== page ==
Merrill Lynch analyst David Errington has savaged Coca-Cola Amatil’s former management – insisting that they ‘compromised the business to meet short-term earnings targets’ in 2013.
Errington’s outspoken attack came during a conference call on Wednesday with Alison Watkins, who was only installed as CCA group MD in March, and has herself criticised the company’s 2013 strategy.
CCA reported a 15.6% decline in net profit for the half year to June 30 to AUD $182.3m ($169.9m) despite a modest uptick in revenue to AUD $2.34bn – with investors warned to expect lower FY 2014 earnings.
Admitting “difficult and disappointing result for shareholders”, Watkins reeled off the problems: difficult trading in Australia, cost inflation, competition and currency depreciation in Indonesia, flat earnings in New Zealand and Fiji. All weighed on CCA’s bottom line.
Aussie cuts ‘made absolutely no economic sense’
Errington listed what Watkins admits were, in hindsight, operational errors made in the crucial Australian business (which accounted for 72% of profits in H1) before her time – she replaced Terry Davis in February – including sales staff cuts, less frequent calls on customers and fewer promotions.
The analyst said that CCA made these cuts “when it made absolutely no economic sense” and expressed shock at the company’s H1 results – even accusing the company of overstating its earnings in FY 2013 in pursuit of short-term gains at shareholder expense.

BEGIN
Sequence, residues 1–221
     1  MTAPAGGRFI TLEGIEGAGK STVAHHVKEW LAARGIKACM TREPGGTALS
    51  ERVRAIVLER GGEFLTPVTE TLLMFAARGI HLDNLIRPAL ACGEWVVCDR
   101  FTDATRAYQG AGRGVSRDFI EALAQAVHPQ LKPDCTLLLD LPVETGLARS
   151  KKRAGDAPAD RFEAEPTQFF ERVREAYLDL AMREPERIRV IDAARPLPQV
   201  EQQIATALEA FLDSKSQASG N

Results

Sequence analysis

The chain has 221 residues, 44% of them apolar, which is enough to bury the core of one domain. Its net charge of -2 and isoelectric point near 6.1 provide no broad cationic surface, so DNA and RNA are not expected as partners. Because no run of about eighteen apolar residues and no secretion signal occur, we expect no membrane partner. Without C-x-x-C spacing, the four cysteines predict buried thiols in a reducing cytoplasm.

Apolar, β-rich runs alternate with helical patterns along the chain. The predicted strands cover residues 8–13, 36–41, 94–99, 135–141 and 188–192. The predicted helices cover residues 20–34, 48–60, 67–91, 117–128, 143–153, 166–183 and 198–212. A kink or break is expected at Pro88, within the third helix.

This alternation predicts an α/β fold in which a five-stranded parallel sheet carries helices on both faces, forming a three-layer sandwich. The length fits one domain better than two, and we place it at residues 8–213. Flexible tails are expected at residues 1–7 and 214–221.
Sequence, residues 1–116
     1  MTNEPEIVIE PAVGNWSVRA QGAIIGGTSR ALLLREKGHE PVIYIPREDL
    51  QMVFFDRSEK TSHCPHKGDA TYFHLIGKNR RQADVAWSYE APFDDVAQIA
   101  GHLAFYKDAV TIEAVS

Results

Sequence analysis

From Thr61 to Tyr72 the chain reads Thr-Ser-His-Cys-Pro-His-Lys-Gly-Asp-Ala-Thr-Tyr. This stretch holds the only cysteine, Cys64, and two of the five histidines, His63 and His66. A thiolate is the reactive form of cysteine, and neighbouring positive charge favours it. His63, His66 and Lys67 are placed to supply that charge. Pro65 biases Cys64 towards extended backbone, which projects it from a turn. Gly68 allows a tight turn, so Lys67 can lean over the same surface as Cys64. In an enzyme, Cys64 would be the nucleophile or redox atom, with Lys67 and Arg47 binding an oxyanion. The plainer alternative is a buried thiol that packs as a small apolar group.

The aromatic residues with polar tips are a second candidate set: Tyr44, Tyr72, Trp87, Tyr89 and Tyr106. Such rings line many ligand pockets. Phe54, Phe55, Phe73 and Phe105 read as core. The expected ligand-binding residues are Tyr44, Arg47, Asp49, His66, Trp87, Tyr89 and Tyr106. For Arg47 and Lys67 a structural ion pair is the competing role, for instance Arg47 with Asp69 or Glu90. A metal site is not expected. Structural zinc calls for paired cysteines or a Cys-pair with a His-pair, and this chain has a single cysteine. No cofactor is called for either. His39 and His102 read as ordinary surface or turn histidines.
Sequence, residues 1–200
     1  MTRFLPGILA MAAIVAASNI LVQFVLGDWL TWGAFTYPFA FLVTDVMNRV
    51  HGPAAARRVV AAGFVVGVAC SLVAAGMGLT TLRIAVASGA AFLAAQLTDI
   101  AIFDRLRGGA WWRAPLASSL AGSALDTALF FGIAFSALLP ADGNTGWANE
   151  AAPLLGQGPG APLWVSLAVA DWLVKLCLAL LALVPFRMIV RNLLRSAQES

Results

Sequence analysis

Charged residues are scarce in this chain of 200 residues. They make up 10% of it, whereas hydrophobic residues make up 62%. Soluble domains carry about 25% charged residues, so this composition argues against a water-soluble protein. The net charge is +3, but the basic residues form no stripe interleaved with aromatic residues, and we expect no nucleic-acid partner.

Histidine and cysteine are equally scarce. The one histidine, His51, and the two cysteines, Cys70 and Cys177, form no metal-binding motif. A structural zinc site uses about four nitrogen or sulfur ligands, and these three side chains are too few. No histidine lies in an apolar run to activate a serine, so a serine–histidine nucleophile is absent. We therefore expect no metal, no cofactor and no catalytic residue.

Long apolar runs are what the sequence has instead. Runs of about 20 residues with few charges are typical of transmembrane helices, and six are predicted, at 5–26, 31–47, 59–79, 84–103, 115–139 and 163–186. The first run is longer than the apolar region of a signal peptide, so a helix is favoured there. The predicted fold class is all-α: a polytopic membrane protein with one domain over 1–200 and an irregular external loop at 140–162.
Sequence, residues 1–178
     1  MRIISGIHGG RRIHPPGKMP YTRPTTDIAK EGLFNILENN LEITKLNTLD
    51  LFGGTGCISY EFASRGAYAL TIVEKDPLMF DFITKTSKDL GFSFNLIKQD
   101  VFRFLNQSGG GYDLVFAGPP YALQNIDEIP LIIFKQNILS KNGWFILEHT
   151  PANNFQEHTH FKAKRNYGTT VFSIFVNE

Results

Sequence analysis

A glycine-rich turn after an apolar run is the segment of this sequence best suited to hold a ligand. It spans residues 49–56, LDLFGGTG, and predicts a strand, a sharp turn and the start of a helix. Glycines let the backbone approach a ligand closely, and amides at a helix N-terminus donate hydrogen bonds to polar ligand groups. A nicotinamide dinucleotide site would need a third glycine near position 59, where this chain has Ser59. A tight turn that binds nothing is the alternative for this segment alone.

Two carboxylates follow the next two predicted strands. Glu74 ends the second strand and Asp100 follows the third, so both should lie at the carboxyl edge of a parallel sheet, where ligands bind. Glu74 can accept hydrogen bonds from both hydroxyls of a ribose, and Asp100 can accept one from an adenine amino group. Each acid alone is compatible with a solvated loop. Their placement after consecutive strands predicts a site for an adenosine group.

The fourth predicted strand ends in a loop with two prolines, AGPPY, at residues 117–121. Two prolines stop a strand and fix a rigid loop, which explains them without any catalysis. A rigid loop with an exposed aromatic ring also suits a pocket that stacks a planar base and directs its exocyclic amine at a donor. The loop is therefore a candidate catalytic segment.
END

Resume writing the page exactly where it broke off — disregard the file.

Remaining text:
“They compromised the business to make short-term earnings targets, which is pretty much what you alluded to. That to me really smacks in the face of a really poor culture of a company to deliver long-term shareholder value,” Errington said.
Urging Watkins to shake up CCA’s company culture as part of a strategic review in Australia slated for an October finish, Errington asked for assurances that such actions would never happen again.
CCA desperate to ‘make Coke cool again’
Watkins replied that she though Errington’s comments a “fair enough observation” and said that in hindsight CCA management would probably agree that the wrong decisions were taken.
“When you’re running a company it is about striking a balance between striving for short-term results and making decisions for the long term. We’re determined to make the right decisions for the long-term,” she said.
CCA’s turnaround plan – as glossed by Australia non-alcoholic beverage MD Barry O’Connell – involves upping brand marketing spend, while it expects the operational review to boost sales and cut costs from 2015.
The company is desperate to, in his words, “make Coke cool again” – introducing a single-serve 250ml can for AUD $2 for Coke, Fanta and Sprite to meet the demand for smaller portion sizes at sharper price points.
CCA has extended its Kirks soda range with no artificial flavors or colors, O’Connell (who was appointed last month) while Deep Spring mineral waters now feature organic juice.
June launch Barista Brothers iced coffee-flavored milk forms part of what O’Connell said was a strategy to “focus on a smaller number of higher-value potential segments of the beverage market”.